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Any campers out there?
I mean real campers. Not those of you who load fresh towels and toiletries into a 40- or 60-foot long recreational vehicle and hit the road for places unknown or maybe known.
Whether you know where you’re headed or not, the “RV thing” is not camping.
I do, however, think that one day I may rent an RV and take Leigh driving cross country to places we’ve never been. It seems like the older we get the more the RV thing seems more hospitable than the true camping angle I started this month’s column with.
I can think of three examples of what I call true camping that I’ll never forget in my lifetime.
Camping, like most outdoor adventures, always seem to produce memories that whether good or bad are never forgotten.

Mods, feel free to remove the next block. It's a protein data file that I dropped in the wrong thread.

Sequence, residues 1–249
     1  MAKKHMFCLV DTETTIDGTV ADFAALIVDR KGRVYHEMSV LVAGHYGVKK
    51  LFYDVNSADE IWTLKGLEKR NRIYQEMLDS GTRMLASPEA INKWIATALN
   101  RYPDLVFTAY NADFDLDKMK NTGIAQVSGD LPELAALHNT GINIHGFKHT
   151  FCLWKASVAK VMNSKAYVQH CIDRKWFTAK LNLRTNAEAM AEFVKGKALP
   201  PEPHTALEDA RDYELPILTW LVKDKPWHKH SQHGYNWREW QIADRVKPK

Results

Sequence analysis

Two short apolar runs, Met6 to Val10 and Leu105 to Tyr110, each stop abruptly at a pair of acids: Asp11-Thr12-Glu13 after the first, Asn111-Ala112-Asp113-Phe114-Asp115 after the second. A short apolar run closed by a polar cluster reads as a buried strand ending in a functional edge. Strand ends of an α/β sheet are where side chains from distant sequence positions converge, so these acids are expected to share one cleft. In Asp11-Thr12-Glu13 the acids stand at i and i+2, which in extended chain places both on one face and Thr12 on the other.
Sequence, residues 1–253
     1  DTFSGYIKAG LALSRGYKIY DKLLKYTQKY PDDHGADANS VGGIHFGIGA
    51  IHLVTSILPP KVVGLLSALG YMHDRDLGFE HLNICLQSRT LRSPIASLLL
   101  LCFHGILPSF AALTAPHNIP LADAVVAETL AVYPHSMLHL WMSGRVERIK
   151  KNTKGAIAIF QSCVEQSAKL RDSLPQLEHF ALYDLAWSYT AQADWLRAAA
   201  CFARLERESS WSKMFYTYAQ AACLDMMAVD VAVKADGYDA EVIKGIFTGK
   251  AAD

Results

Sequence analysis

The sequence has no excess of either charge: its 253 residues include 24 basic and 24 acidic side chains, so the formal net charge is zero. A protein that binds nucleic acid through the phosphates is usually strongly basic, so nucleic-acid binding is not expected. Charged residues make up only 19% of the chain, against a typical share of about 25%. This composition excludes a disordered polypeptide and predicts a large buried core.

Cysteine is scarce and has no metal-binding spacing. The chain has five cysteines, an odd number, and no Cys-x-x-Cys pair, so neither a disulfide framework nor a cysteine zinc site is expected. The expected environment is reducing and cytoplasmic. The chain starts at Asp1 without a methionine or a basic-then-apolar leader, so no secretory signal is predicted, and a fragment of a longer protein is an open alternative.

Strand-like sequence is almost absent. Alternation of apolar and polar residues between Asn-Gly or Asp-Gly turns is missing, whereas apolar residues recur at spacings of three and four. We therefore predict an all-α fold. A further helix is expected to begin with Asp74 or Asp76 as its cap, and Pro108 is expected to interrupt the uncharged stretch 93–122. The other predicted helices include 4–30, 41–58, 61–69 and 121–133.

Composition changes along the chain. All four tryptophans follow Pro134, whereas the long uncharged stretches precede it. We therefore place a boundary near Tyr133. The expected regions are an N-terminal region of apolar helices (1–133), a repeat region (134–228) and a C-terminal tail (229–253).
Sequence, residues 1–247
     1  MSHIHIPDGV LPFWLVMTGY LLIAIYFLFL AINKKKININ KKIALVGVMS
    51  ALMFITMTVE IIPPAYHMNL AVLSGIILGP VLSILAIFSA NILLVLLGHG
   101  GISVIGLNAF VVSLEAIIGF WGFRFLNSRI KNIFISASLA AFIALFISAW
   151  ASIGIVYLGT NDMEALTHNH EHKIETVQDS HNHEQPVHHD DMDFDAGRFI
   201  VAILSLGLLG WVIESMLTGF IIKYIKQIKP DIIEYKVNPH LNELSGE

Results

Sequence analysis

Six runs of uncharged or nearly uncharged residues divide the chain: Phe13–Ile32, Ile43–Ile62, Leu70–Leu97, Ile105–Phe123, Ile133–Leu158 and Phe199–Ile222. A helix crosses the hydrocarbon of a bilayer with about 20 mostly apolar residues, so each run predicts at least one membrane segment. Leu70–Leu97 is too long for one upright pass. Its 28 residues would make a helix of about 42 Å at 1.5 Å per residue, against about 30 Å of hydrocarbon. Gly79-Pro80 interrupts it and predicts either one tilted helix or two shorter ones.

Growing up through the late 1960s, 1970s and into the early 1980s I recall many trips to Beech Bend Park near Bowling Green.
Mom and dad took Keith and me every July 4 weekend for many years and we always camped out as close to the banks of the Barren River as we could get in the local campground. We had a campfire every night and enjoyed roasting our supper as well as trying to catch fish from the Barren River, which seemed to me to always be muddy.
Muddy is something that any true camper knows well. Muddy is second only to getting wet while camping due to the fact that the wet typically is what causes the muddy part of camping to start with.
We spent many July 4 weekends camping, fishing and enjoying the nearby Mammoth Cave and of course the amusement park itself. We also looked forward each year to the Figure-8 racing on Saturday night and the big fireworks show afterwards.
Sunday we always made our way to the Beech Bend Drag strip for an afternoon of dragster and funny car racing and the always coveted red, white and blue snowcones before breaking camp and heading back home. We were always worn out from a fun-filled weekend and more memories than I can write about in one column.